UNIONDALE, NY - OCTOBER 11: (L-R) Brandon Dubinsky #24 and Ryan Callahan #17 of the New York Rangers celebrate a power play goal by Michael Del Zotto (not shown) at 8:28 of the second period against the New York Islanders at the Nassau Coliseum on October 11, 2010 in Uniondale, New York. (Photo by Bruce Bennett/Getty Images)
After looking at the Rangers' even strength shooting again, the natural progression is to follow that up with a look at their power play shooting. That starts by once again looking at the league wide statistics in the category (statistics as always courtesy of behindthenet.ca):
At even strength, we saw that shots on goal clearly favored the forwards, who had roughly 2.5 times more per 60 minutes than the defensemen. On the powerplay, that changes dramatically, with the separation between forwards and defensemen at less than 1 shot per 60. Considering the smaller sample of power play minutes (more than seven times less), we should expect the rates to have more volatility to them, however the shot rates are fairly stable over the last 3 years. Instead, we see that volatility appear in the shooting percentages from year to year, especially among the centers and defensemen.
Do the Rangers' power play woes translate here? Find out after the jump.
|TOI||Shots||PPS/60||PP SH%||TOI||Shots||PPS/60||PP SH%|
Data for Wolski (PHX) and McCabe (FLA) is full season data. Players must have 0.5 TOI/60 to qualify.
The name at the top of the list for forwards is the same as it was for even strength. Brian Boyle was doing an excellent job at generating his own shots on goal on the power play, but did so in limited time. Should that have been enough to earn him more? I think so, but the Rangers' coaching staff clearly did not. Just below Boyle, we see many of the characters that were given first unit time.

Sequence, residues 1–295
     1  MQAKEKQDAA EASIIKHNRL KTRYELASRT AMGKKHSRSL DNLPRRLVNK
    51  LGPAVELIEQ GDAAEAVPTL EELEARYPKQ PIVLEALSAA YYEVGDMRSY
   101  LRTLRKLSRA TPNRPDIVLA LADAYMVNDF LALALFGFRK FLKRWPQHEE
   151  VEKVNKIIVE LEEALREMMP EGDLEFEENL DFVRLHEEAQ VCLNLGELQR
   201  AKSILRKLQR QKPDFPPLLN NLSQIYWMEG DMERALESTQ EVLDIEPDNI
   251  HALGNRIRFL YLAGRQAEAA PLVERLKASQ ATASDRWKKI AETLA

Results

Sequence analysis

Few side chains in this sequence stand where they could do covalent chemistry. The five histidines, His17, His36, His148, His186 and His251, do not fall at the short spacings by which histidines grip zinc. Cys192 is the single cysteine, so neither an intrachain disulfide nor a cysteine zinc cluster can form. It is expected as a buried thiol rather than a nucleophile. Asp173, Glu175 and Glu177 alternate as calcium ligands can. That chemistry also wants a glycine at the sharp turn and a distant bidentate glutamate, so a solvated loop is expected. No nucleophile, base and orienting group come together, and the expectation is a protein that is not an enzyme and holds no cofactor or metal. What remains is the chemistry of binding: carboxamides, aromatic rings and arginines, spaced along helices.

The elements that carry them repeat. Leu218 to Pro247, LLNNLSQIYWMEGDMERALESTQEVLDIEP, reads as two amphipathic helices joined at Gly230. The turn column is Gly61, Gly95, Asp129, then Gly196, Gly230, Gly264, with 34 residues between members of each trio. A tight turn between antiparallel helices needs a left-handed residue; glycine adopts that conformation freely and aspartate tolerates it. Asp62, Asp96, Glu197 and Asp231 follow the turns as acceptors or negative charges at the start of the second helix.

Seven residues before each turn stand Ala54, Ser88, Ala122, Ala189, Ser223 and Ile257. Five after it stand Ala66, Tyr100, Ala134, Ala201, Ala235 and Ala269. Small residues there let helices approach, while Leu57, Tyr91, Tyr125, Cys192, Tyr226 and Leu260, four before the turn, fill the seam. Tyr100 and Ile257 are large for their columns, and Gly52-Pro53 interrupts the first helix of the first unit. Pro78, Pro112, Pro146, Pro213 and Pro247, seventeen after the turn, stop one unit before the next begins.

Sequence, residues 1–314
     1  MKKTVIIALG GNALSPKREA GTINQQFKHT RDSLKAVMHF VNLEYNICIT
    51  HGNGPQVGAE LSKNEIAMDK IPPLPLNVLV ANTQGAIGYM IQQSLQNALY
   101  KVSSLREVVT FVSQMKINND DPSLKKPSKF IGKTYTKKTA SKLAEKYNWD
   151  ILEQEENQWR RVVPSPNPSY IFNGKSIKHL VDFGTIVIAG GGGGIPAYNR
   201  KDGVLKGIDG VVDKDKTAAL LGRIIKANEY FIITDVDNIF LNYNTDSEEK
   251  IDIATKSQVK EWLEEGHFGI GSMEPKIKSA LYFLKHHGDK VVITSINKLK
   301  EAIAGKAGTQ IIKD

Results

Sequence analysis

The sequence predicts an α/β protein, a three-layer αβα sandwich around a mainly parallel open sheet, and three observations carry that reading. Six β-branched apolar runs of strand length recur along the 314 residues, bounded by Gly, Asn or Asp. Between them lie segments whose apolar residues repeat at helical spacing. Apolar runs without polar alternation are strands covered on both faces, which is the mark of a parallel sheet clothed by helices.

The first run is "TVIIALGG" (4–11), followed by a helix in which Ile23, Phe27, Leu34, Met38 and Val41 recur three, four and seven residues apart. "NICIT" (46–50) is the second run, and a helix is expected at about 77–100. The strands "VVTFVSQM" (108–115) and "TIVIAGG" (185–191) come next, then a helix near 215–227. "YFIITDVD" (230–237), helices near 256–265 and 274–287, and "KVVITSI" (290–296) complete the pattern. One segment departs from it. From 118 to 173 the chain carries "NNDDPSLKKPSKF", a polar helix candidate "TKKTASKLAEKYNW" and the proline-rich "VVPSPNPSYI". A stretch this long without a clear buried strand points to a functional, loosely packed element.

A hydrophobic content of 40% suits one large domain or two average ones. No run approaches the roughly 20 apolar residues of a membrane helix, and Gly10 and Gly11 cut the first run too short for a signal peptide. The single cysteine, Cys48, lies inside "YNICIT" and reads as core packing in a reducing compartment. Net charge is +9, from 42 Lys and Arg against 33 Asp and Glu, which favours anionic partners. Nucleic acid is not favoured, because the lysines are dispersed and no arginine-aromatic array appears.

The lone regular not above average is your ice time leader, Brandon Dubinsky. This is actually encouraging to a degree, as Dubinsky led the team in scoring despite not really producing on the PP (his 2.63 p/60 was also well down the list of Rangers' forwards). You can never go wrong with room for growth. Finally, you see the impact that playing the point can have on a forward. The three 'projects at the point', Derek Stepan, Wojtek Wolski and Mats Zuccarello, were given a bunch of ice time, but not surprisingly, didn't generate many shots, posting below average totals even for a PP defenseman.
Speaking of the defenseman, Bryan McCabe was brought in to be the big shot that keeps the PK'ers honest. While he certainly brought the shot with him, he was basically average about unleashing it on goalies. As a whole though, the defense had a much better showing with regards to shots than they did at even strength. Dan Girardi, in particular, was very good at getting shots on net with frequency.
In a single season, there really isn't enough sample to make definitive conclusions about a players effectiveness as a powerplay player, but it it still important to remember how valuable power play time can be when it comes to scoring, and that players who can take advantage of that time are bound to have good seasons.